REIT investors are probably aware that most REITs pay out a dividend yield of anything between 4% and 8%. This is the average dividend yield range for REITs listed on the local stock exchange, and it is seldom that investors can find a REIT yielding double-digit dividend yields. The reason for this is simple: If distribution per unit (DPU) goes up steadily, other investors will bid up the share price as the REIT becomes more valuable, and this brings the dividend yield back down again.
It is also widely recognised that REITs with double-digit dividend yields may be facing pressure or problems, and their DPUs may not be sustainable. Investors normally punish the share price by selling down the shares if there are negative developments surrounding the REIT, and the historical dividend yield then balloons to double-digit levels due to the depressed share price. This can be misleading for investors who simply glance at the headline yield without bothering to find out more about the REIT’s current situation.
I have discovered two effective ways of capturing double-digit dividend yields from REITs.
1. Buy strong REITs during a financial crisis
The first method requires a strong stomach, and that is to purchase shares of strong and stable REITs during a financial crisis or recession. Recessions tend to dampen consumer and corporate demand for goods and services, which means lower rental and occupancy rates for properties. DPU then declines, and the share price of the REIT will follow as well.
However, if the REIT has quality assets that attract strong tenants, investors should make use of the opportunity to purchase shares at depressed valuations. When the economy recovers and DPU rises again, there is a good chance investors will enjoy a double-digit dividend yield on their capital deployed.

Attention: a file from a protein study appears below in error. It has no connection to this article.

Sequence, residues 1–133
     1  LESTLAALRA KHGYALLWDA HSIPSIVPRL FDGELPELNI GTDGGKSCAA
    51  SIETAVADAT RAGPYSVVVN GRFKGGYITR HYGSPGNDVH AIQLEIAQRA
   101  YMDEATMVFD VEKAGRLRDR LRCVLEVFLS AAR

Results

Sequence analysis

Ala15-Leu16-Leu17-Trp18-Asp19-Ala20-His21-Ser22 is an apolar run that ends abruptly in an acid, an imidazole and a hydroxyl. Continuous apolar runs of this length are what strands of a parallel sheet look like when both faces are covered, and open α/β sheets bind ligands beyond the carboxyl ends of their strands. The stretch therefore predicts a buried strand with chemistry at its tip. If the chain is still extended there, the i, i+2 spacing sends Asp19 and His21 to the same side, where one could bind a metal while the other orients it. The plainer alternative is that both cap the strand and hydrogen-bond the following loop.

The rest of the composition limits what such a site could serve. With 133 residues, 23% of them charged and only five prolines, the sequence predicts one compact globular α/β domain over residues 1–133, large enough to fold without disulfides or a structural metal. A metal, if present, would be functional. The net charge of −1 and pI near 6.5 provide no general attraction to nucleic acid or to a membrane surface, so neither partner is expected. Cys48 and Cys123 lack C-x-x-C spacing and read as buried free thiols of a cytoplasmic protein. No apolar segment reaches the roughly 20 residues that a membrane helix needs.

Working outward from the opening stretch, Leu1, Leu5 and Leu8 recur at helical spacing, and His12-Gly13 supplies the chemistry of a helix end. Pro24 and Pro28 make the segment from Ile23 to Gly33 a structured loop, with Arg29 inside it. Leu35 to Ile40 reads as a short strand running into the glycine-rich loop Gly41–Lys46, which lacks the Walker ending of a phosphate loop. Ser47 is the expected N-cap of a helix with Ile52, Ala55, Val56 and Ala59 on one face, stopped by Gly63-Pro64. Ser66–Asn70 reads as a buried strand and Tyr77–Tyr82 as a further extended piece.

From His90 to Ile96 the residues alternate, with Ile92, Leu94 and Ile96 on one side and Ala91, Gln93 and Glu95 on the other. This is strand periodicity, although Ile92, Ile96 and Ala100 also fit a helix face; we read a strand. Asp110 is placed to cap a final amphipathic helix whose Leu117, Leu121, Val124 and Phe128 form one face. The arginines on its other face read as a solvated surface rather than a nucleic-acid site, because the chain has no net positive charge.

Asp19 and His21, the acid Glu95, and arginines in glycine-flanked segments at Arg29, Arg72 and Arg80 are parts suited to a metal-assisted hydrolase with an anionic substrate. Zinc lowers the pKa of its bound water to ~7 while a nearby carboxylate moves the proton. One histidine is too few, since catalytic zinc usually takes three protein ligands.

One example of such a REIT would be Suntec REIT (SGX: T82U), which traded at around S$0.60 during the financial crisis in 2008-2009. Suntec owns commercial and retail properties in Singapore and Australia and was listed in late 2004. The REIT has paid out around S$0.10 worth of dividends for FY 2018, so if an investor had purchased the REIT during that period, he would be looking at a 16% dividend yield right now.
2. Buy and hold REITs with growing DPUs
Frasers Centrepoint Trust (SGX: J69U) has managed to grow its DPU every single year for the last 10 years, which is an impressive feat. Investors who buy and hold such REITs will eventually receive a dividend yield exceeding 10%.
FCT was listed in 2006 with just three properties: Causeway Point, Northpoint, and Anchorpoint. If an investor had purchased shares in the REIT in November 2007, when the share price hovered at around S$1.30, that investor would be enjoying a dividend yield of around 9.5% based on the annualised DPU of 12.3 Singapore cents for FY 2019. FCT recently announced the planned acquisition of a 33.3% interest in Waterway Point, and based on that as well as a few other reasons I believe FCT could further increase its DPU, it should only be a matter of time before the prospective dividend yield for FCT exceeds 10%.
The Foolish bottom line
These two methods do require certain psychological traits: a strong stomach for the former, and patience for the latter. If investors can manage their emotions well, deploy their capital at the right moment, and simply sit on their investments for years, they can certainly achieve double-digit dividend yields.
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The information provided is for general information purposes only and is not intended to be personalized investment or financial advice. The Motley Fool Singapore has recommended shares of Frasers Centrepoint Trust. Motley Fool Singapore contributor Royston Yang owns shares in Suntec REIT.